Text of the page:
Lastly, I added LEDs to the inside of the mask to make the eyes glow red. I really don’t know much about LED work, and I had help installing and wiring the LEDs together. There are three red LED’s that shine down into each of the eye holes. To make the red translucent piece that sits over the eye hole, I actually used resin! I cast a very thin piece, formed it to take the shape of the inside of the mask before it fully cured, and attached it to the inside of the mask with Worbla.

Now here’s a look at some more of the finished pieces!




Photo by Vordigon Photography
Photo by Vordigon Photography


Thanks again to Termina Cosplay for sharing this build with us!

Sejuani Helmet & Flail League of Legends

Kazzy Cosplay created this tutorial for round three of our TranspArt Competition!

As part of the final round of the Worbla TranspART contest, all contestants are required to create a tutorial for their build. So buckle up, kiddos! This is a LONG read but hopefully helpful if you are looking to build your own geometric prop with TranspART.

For this round, I deliberated for quite some time over what I should make. I showcased the fire/visor capabilities of TranspART in my last build, so I wanted to look for something that would showcase alternate uses of TranspART. Many ideas later, I decided to create my own interpretation of Traditional Sejuani’s ice flail and battle helm from League of Legends.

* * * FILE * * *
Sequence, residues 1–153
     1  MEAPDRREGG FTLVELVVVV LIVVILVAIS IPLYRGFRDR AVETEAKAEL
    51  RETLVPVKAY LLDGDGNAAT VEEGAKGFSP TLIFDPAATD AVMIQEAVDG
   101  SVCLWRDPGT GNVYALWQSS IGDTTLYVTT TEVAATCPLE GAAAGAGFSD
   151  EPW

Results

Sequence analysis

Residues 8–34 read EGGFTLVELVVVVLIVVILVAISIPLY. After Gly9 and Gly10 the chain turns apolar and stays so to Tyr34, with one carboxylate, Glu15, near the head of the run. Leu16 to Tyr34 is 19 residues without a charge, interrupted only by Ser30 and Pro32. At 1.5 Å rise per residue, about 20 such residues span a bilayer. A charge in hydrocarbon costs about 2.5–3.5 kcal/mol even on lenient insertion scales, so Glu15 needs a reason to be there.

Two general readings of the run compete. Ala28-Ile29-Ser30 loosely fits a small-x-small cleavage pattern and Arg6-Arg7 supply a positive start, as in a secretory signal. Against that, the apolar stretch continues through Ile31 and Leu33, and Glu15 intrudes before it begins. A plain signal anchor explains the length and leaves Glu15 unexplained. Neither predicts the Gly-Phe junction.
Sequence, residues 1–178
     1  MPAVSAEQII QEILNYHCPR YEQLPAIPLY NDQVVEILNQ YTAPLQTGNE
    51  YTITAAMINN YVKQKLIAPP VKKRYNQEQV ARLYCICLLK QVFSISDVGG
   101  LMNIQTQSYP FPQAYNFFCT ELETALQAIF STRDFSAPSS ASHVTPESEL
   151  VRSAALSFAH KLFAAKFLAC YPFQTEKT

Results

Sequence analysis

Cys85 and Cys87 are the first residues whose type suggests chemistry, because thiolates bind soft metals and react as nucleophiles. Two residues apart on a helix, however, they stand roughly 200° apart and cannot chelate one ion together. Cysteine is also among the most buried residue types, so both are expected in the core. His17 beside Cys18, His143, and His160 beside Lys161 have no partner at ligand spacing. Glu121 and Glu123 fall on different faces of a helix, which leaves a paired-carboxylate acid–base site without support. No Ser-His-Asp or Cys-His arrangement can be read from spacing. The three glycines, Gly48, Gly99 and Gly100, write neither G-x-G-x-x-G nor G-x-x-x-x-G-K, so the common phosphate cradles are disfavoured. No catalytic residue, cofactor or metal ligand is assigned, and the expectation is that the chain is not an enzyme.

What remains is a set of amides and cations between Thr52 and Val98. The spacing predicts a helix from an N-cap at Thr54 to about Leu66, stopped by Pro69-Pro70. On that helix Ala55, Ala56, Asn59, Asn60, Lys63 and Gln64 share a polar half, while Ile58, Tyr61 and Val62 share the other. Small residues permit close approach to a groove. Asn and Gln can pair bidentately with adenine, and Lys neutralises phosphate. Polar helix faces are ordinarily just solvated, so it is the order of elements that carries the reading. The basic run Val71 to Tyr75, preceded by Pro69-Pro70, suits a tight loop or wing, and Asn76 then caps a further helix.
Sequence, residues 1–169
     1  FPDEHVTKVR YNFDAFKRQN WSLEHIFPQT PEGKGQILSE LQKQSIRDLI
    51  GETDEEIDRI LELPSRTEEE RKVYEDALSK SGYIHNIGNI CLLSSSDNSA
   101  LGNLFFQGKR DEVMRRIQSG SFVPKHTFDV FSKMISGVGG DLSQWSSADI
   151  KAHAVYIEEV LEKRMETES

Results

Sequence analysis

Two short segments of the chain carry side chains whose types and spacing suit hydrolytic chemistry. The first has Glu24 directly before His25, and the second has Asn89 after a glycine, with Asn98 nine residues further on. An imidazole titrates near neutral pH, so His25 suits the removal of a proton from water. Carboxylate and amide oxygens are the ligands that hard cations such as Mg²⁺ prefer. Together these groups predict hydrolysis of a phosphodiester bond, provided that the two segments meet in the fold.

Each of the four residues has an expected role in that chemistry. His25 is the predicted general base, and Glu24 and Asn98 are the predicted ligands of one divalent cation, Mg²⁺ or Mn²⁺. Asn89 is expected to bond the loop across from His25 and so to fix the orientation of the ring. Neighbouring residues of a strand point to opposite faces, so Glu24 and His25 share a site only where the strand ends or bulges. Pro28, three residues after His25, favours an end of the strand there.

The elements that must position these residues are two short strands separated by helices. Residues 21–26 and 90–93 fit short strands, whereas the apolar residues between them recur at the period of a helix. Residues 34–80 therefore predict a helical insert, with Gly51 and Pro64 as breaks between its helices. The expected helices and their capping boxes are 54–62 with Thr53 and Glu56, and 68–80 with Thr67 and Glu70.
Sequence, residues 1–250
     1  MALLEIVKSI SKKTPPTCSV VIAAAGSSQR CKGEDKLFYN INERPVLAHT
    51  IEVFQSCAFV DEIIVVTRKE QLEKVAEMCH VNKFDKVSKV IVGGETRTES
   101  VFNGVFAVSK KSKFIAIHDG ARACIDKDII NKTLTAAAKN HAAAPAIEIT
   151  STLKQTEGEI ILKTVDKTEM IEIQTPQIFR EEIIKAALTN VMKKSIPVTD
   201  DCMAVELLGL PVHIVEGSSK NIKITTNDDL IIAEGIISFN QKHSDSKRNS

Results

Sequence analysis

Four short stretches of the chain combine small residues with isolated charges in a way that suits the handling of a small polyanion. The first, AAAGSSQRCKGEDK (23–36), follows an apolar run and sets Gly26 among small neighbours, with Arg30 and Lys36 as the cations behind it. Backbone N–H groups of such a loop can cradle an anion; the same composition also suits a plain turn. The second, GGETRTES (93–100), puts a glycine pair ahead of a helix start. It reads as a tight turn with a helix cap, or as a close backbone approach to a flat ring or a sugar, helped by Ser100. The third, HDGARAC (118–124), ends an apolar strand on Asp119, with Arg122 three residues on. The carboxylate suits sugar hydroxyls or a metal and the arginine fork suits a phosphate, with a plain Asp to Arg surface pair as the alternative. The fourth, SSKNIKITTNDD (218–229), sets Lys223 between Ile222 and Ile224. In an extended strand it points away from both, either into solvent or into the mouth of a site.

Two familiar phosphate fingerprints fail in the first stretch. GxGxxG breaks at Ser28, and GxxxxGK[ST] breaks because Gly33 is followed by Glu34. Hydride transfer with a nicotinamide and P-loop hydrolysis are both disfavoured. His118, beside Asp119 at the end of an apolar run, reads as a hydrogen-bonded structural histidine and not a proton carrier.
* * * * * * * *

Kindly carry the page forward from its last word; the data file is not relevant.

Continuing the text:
First things first – for this oddly shaped flail, I sketched out the shape and started creating a pattern out of card stock. This tutorial should work for most bulky/geometric props that need TranspART sides.


This may take a lot of adjusting, but once satisfied with the smaller shape, scaled it up to your size. I multiplied mine by 3 so that I would have a large flail fitting of a battle mistress of the Freljord.

Translate these pieces to TranspART and add a seam allowance .

Ice time! Make sure you test your dye on practice pieces before you dye your final pieces! To figure out the appropriate shade of blue, I tested multiple pieces in varying times in different baths. Once satisfied with the test pieces, dye the large pieces. I used varying baths and purposely tried to get a bit of an uneven dye to represent ice.



Now let’s shape it up! TranspART does not adhere to itself very well while maintaining a strong, straight edge. To best represent ice, I wanted strong line edges but the TranspART was rounding with the heat shaping.

To combat this and get geometric edges, cut bits of thick craft foam (I used 5mm) on a 45 degree angle so you have triangular strips with a right angle.

Now use the angles to align your edges of your pieces. I adhered mine with Loctite but I believe most cyanoacrylate adhesives will work.

If your prop is big, use strips of worbla to line the edges for extra structural integrity.

Now glue your structure altogether!